been studied by either Bentham or Baillon. It is to Professor
Greene that I am indebted for much of the material which has
thrown most light on the Pacific Coast forms, and he informs me
that he has evidence of the existence of other forms, specimens
of which in satisfactory amount and condition for critical study
are not yet available. So far as the twenty-five species recog-
nized by Kindberg are concerned, I am entirely satisfied that
they are mainly artificial, and actually represent not many more
than the three or four of Bentham or Baillon.

It is hardly necessary that I should discuss the generic name of
these plants ; Professor Greene has very recently alluded to it in
" Pittonia," and M. Baillon has adopted it in his ** Histoire."
Suffice it to say that there is no valid choice in the matter, for
1763, the date of Adanson's ** Families des Plantes," is fifty-four
years before the publication of Lepigonum, and a little more
than that earlier than Spergularia. There is no doubt whatever as
to what Adanson meant, and hence it becomes a matter of mere
priority of publication, for which fifty-four years will be consid-
ered ample, I believe, by even the most conservative. Adanson
considered that the species known at his time formed two genera,
and called the other one Buda^ under which species have been
named by DuMortier in his ** Florula Belgica;" this view has not
been accepted by any recent botanist, and as Tissa occurs first in
Adanson's work, it has priority of place and must stand as the
generic appellation of these interesting plants.

Through the courtesy of Mr. Redfield and Dr. Watson I have
been able to make quite careful examinations of the materials in
the Cambridge and Philadelphia herbaria.

* Species of the sea-beaches or salt-marshes or of the borders of salt lakes ;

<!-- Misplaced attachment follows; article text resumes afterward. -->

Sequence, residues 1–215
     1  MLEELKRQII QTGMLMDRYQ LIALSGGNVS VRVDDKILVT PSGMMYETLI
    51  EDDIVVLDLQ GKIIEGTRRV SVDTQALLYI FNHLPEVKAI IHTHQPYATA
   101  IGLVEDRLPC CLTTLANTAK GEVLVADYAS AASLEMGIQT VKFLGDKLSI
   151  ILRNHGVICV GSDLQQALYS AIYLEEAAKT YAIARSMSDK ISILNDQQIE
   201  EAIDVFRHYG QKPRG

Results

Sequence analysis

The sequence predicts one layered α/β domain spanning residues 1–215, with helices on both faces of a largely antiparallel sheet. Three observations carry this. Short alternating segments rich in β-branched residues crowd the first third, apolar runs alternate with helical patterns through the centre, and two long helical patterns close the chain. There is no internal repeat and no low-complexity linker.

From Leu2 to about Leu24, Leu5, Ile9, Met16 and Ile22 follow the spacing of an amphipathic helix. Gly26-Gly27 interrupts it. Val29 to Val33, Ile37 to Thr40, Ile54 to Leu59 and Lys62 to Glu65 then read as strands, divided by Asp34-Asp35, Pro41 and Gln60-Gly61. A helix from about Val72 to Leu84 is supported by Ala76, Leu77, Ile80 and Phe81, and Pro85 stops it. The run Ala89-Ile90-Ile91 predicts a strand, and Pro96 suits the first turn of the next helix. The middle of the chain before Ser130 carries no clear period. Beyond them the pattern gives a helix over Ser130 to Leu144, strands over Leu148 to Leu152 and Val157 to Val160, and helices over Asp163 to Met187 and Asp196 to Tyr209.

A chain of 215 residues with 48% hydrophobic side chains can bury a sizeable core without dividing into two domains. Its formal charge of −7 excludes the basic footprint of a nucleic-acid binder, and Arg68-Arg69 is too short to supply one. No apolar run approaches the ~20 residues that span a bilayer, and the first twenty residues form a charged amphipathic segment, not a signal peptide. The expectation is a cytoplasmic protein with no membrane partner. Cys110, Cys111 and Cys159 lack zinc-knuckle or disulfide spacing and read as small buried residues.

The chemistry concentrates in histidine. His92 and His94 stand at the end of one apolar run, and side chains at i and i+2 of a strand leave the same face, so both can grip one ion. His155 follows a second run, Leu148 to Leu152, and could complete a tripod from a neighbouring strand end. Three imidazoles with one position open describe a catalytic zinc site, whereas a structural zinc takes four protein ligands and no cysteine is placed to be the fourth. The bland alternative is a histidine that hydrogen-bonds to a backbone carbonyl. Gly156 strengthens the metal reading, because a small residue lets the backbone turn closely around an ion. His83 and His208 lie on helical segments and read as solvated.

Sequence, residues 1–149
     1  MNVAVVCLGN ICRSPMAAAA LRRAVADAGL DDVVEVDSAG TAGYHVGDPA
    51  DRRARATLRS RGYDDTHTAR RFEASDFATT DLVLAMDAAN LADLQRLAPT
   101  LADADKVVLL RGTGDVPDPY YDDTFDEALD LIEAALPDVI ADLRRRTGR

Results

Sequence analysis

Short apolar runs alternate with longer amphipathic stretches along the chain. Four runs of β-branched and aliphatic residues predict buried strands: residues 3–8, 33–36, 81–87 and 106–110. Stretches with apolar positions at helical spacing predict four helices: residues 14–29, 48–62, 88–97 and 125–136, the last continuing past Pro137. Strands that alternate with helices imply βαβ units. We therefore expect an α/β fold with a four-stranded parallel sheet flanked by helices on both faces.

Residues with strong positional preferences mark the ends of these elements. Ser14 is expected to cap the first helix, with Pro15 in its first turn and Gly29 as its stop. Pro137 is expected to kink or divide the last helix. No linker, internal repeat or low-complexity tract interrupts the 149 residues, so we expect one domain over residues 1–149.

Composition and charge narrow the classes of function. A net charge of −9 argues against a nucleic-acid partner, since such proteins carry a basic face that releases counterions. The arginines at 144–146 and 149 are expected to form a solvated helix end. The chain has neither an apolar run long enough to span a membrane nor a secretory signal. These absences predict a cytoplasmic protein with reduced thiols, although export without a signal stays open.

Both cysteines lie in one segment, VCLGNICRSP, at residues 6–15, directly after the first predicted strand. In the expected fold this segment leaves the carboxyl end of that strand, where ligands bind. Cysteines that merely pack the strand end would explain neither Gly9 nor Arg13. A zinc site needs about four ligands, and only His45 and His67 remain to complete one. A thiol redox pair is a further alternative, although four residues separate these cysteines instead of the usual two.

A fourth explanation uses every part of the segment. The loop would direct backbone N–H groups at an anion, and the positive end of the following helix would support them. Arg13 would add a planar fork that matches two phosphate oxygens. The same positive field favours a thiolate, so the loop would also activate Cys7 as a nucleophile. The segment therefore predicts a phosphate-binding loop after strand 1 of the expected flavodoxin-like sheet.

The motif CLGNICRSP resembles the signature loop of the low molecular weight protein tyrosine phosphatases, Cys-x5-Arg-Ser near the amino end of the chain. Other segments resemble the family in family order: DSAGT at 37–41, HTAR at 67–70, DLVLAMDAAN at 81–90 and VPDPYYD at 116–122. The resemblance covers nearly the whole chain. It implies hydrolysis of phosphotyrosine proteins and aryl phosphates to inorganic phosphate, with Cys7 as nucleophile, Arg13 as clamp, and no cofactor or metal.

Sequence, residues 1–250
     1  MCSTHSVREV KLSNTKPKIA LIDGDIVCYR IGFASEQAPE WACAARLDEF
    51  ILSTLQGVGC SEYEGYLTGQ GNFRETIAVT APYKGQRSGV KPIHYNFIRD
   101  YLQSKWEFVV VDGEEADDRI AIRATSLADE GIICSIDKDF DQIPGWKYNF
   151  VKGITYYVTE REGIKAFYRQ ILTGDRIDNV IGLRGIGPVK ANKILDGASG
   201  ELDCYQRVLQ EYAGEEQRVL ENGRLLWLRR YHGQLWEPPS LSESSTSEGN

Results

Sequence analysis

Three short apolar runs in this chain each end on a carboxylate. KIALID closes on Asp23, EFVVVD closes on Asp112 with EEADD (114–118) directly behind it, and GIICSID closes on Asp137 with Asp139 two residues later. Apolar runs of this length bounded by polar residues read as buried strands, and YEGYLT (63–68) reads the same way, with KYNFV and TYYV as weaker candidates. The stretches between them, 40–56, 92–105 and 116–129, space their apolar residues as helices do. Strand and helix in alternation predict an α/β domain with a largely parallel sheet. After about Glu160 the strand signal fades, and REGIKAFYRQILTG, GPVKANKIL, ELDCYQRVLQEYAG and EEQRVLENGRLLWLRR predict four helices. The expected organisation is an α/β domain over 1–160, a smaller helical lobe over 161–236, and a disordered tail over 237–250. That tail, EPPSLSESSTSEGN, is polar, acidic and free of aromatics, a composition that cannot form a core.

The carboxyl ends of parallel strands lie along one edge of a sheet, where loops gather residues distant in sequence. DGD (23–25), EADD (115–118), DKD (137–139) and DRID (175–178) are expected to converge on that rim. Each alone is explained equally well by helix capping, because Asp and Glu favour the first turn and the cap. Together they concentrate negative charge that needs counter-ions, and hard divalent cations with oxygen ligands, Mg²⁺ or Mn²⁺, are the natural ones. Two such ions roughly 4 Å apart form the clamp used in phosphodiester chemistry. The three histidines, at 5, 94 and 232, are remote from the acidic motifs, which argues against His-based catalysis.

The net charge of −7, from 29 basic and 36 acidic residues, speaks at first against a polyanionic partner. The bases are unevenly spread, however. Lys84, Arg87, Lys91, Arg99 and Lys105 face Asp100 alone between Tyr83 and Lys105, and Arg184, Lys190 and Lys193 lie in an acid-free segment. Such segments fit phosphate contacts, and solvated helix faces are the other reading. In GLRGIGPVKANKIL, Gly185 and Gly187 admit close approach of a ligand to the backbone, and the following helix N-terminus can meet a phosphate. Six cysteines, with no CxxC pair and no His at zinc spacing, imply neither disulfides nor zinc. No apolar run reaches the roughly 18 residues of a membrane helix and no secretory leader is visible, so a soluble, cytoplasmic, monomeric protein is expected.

leaves very fleshy ; stamens (always ? 10 ;) petals pink, (varying to white ?).

I. TisSA MARINA (L.) {Arenaria rubra, L., var. marina, L.,
Sp. PI. 606 (1753); including Lepigonum marinum, Kindb.

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Monog. 1 8. at least in so far as the North American plants are
concerned, Lepigonum medium^ Fries and L, /eiospermumfKindb.
I c. 23).

Stout, erect or ascending, smooth or glandular-pubescent ;
capsule 5-8 mm. long at maturity ; pedicels short (seldom more
than twice this length) ; seeds smooth, margined or marginless,
or roughened with projecting points or processes, several kinds
sometimes found within the same capsule ; leaves often much
clustered in the axils.

Had, Along the whole coast on both sides of the continent,
apparently less abundant on the Gulf of Mexico; also about
saline lakes and on alkaline soil in the interior.

2. TISSA SALINA (Presl.) {Spergularia salina, Presl. Fl.
Cech. 93 {\Z\g) fide Kindberg.

Slender and spreading, low, abundantly branching, generally
diffuse, and apparently always so in its fully developed state,
entirely smooth ; pedicels long, slender, more than twice the
length of the capsule, which is 4-6 mm. long at maturity and
twice the length of the calyx ; leaves generally simply opposite ;
seeds papillose or smooth.

Hab, In the sand or mud of sea-beaches, more rarely (if at
all) on the meadows, coast of New England and Canada. Not seen
from further south than Eastport (Farlow) or South Gouldsboro

This is an extremely well marked species, as I understand it,
and I have little doubt that it is the same thing that occurs on
the shores of northern Europe, although comparison with more
European specimens is very desirable. This restricts its range
much within the limits assigned by Kindberg, who by going
mainly upon the seeds has included in this, as in other species, a
large number of diverse elements. Certainly in these two species
the seed characters are of but little value.

* * Species of non-saline dislribution.
t Petals pink.

3. TiSSA RUBRA (L.) {Arenarta rubra, L. 1. c. ; Spergtilaria
rubra, Presl ; Lepigonum rubrum, Fries).